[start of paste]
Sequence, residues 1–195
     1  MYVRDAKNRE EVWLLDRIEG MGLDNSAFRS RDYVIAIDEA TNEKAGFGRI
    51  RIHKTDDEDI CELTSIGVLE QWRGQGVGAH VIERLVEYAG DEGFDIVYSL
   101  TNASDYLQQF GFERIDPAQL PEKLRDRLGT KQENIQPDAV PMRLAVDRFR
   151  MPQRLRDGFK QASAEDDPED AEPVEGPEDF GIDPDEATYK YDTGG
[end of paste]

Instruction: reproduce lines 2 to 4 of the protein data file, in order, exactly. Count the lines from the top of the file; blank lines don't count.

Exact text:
     1  MYVRDAKNRE EVWLLDRIEG MGLDNSAFRS RDYVIAIDEA TNEKAGFGRI
    51  RIHKTDDEDI CELTSIGVLE QWRGQGVGAH VIERLVEYAG DEGFDIVYSL
   101  TNASDYLQQF GFERIDPAQL PEKLRDRLGT KQENIQPDAV PMRLAVDRFR